More than 50 years ago, Lee Glaze, owner of the Wilmington gay bar The Patch, refused to comply with Los Angeles’ prejudiced law that outlawed same-sex couples from dancing in public.
Glaze fought the law with bravery and a campy sense of humor.
The Los Angeles ordinance forbidding same-sex dancing was passed July 2, 1958, and more than 10 years later, Glaze was relentless in his fight against it.
Lee Glaze fought police
The police department’s undercover vice squads would target the city’s gay and lesbian bars to make sure the obviously prejudiced law was being followed. If the cruel and ridiculous law was ignored, the police would harass and arrest customers.
Glaze, however, was one step ahead of the dancing police.
If Glaze spotted any covert officers, he would yell a campy code phrase to warn his customers, who knew the secret expression.
‘God save the queen’
“God save the queen,” Glaze would holler.
That warning also helped make Glaze a gay-rights pioneer who fought for LGBTQ equality. This year marks the 51st anniversary of a “flower power protest” that Glaze organized and led against police harassment at The Patch.
Glaze died in 2013 at the age of 75.
Glaze, known as “The Blonde Darling,” was a larger than life character with a campy personality, recognizable chuckle, and short blond hair.
Glaze’s brave efforts also were historically noteworthy.
Glaze had been warned by officers that if he didn’t want the Los Angeles police to close his Harbor-area gay bar, which was a quick drive from neighboring Long Beach, he had to follow the rules.
For example, no drag queens allowed in the bar, and men could not dance with each other. Also, only one person at a time was permitted inside bathrooms.
Making gay history
On Aug. 17, 1968, Glaze organized and led a nonviolent protest against the relentless police harassment and misconduct at The Patch. On this particular night, two of his customers were arrested.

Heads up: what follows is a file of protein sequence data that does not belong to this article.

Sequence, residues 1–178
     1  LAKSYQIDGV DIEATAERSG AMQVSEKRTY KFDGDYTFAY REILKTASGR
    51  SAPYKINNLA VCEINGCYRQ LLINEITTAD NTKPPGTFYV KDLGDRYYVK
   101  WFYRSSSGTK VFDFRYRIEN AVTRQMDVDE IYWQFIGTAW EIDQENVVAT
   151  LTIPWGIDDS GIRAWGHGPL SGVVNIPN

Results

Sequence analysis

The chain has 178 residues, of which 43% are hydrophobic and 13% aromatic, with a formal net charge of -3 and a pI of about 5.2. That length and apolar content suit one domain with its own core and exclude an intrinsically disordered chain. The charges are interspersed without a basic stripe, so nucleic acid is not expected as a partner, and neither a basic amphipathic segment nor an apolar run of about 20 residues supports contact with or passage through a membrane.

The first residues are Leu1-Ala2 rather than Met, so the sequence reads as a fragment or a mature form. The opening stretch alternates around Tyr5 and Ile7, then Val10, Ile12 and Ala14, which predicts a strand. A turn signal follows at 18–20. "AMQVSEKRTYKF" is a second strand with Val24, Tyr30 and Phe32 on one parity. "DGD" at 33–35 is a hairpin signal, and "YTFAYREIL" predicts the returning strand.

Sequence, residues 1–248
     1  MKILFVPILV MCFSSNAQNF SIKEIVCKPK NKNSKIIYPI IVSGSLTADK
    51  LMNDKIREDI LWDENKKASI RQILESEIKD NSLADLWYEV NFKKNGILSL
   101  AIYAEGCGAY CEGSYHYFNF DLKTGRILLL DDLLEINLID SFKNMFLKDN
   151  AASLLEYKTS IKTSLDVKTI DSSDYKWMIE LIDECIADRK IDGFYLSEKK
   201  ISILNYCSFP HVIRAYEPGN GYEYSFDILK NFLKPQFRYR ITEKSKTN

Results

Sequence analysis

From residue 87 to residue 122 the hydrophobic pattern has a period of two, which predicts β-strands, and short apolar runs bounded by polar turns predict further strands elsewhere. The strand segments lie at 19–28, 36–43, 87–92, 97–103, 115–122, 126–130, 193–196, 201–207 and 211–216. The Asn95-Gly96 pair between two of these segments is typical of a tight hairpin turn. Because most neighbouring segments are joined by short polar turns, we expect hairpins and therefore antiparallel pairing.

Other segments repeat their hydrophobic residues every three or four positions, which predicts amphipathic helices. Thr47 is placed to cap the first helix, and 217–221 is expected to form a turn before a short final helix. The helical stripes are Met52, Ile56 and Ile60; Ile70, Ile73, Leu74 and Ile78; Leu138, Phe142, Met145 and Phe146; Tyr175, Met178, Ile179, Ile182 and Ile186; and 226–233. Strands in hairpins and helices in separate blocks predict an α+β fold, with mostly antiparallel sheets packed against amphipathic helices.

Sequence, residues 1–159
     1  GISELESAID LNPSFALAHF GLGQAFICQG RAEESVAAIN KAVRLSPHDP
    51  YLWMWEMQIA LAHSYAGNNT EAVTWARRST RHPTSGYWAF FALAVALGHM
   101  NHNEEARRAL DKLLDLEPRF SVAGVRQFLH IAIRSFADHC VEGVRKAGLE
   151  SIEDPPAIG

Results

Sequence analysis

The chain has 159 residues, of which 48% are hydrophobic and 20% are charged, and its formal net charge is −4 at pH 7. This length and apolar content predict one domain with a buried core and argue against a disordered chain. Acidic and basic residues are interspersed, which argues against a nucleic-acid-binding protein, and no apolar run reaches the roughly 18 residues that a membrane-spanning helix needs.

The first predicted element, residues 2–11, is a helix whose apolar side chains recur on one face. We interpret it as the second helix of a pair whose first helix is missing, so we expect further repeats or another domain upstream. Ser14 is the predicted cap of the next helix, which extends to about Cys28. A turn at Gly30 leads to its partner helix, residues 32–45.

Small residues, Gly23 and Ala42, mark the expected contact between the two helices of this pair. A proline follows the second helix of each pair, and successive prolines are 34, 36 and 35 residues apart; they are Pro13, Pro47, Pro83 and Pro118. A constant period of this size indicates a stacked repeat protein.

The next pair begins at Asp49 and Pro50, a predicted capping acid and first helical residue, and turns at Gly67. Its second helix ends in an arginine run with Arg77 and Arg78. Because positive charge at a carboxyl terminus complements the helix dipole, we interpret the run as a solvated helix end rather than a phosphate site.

Glaze’s bravery is significant because the protest took place 10 months before the Stonewall Inn Riots in New York City. Glaze’s actions also put the Long Beach area on the gay rights history map.
For some people, the national awakening on gay rights started at Stonewall. Glaze’s courage, however, shows the struggle for LGBTQ equality was born before Stonewall.
Brave to step forward
“Lee was brave enough to step forward,” Michael Oliveira, an archivist with ONE Archives at the USC Libraries, told Q Voice News in 2017. “His contributions led to the growth and progress in gay rights that we are all enjoying today.” Glaze’s personal papers are housed at the ONE Archives.
On that night, three undercover vice officers targeted The Patch and arrested two men for lewd conduct.
Witness to gay history
Troy Perry, a former Southern Pentecostal minister, visited The Patch that evening and witnessed the incident. The two men were falsely arrested, Perry told Q Voice News in 2017.
The two men had only been talking to each other, and one of the men slapped the other on the butt, Perry said.
The men were jailed at the police department’s Harbor Station, but Glaze told the crowd that The Patch would post bail.
‘Flower power’ protest
Glaze also had an idea, Perry said. Glaze and about a dozen patrons went to a local flower store owned by one of the customers and scooped up every gladiola, mum, carnation, rose, and daisy in the shop.
Glaze and the demonstrators arrived at Harbor Station about 3 a.m.
“When we arrived at the police station, Lee told the officer at the desk, We’re here to get our sisters out,” Perry said. “The officer asked, What are your sisters’ names? When Lee said, Tony Valdez and Bill Hasting, the officer had this surprised look on his face and called for backup.”
While they waited, the demonstrators staged a “flower power protest,” said Perry, noting that the police were perplexed and speechless.
“They didn’t know what to do with all the gay men waiting in the lobby,” Perry said.
The two men were released six hours later.